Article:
As this very good article on Wonkette by Erik Loomis (nee Lawyers, Guns and Money) notes, the answer to that question looks likely to be yes. But it’s also too early to tell:
As the nation faced a rail strike last week, the Biden administration sprang into action. It had many reasons to do so. First, a rail strike could break already stressed supply chains. The economic impact might lead to much higher prices at a moment when the media desperately wants to report on inflation in a way that compares Joe Biden to Jimmy Carter, which for a certain generation of reporter and Beltway hack is what a Democrat always is. Second, a rail strike could make the administration look weak, flailing in the face of a few workers holding the nation’s economy hostage. That they have legitimate complaints would likely disappear in media coverage of the strike, which would again just blame it on the White House.
But Biden also engaged with this labor situation because he really believes in labor unions. Biden’s political career has shifted significantly over the years. He’s always been a middle-of-the-party kind of guy. When the party has moved right, he’s moved right, and now that the party has moved back to the left, he’s moved left too. That’s fine, I guess; it’s a politician for you.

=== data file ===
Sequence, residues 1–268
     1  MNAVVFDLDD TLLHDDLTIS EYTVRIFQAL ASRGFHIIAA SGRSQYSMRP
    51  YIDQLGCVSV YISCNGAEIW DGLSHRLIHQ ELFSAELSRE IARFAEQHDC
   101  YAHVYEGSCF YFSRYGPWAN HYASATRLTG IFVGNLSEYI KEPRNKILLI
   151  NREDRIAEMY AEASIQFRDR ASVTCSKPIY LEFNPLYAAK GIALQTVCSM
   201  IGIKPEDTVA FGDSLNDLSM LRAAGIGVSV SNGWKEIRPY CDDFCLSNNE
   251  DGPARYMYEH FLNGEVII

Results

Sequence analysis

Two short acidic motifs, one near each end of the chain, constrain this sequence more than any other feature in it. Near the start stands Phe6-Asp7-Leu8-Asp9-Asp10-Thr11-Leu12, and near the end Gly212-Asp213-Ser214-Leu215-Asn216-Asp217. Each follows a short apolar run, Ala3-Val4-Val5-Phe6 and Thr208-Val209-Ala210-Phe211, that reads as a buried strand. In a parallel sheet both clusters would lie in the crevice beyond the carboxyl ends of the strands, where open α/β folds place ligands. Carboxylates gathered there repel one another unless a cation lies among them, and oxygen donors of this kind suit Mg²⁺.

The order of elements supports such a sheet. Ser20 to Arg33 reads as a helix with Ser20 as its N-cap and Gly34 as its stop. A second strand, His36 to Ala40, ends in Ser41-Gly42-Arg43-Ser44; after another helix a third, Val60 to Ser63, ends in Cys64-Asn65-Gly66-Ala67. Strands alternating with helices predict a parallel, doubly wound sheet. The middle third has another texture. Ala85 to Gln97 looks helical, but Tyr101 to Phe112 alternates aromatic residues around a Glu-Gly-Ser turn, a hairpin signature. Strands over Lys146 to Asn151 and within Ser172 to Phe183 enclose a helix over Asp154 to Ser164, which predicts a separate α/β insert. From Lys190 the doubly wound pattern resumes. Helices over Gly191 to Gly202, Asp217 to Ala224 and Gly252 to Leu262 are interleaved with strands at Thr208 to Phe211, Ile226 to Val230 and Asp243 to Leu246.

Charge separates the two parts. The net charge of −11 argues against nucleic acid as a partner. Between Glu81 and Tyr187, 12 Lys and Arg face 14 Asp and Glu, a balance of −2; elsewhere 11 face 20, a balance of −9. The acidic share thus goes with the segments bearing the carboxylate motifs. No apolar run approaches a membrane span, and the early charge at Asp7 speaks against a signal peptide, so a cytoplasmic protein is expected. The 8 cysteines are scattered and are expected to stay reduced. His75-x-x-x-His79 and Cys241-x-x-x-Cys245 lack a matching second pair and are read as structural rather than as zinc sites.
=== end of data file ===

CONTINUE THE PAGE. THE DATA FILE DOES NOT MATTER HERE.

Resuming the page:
However, Biden does have deep-seated values and they include the value of a labor union. Despite governing over a deeply divided nation and, on issues like unions, no small amount of division within his party, Biden has used a significant amount of political capital supporting unions. This is remarkable. No other president since Franklin Delano Roosevelt has ever used that much capital in supporting organized labor. Moreover, the only reason FDR could do this is because he had enormous majorities in both the House and Senate that allowed for legislation to get through the usual alliance of Republicans and Dixiecrats that would forestall anything to help working Americans. Biden doesn’t have that, and yet he is doing whatever he can to help unions.
There is absolutely incontrovertible proof in verifiable statistics that in states and cities where unions are strong, wages and benefits far surpass those of states that are actively anti-union. Not only that, but even non-union people benefit from unions because even non-union wages and benefits average out higher in heavily unionized areas because non-union companies have to offer better deals to the employees to keep up.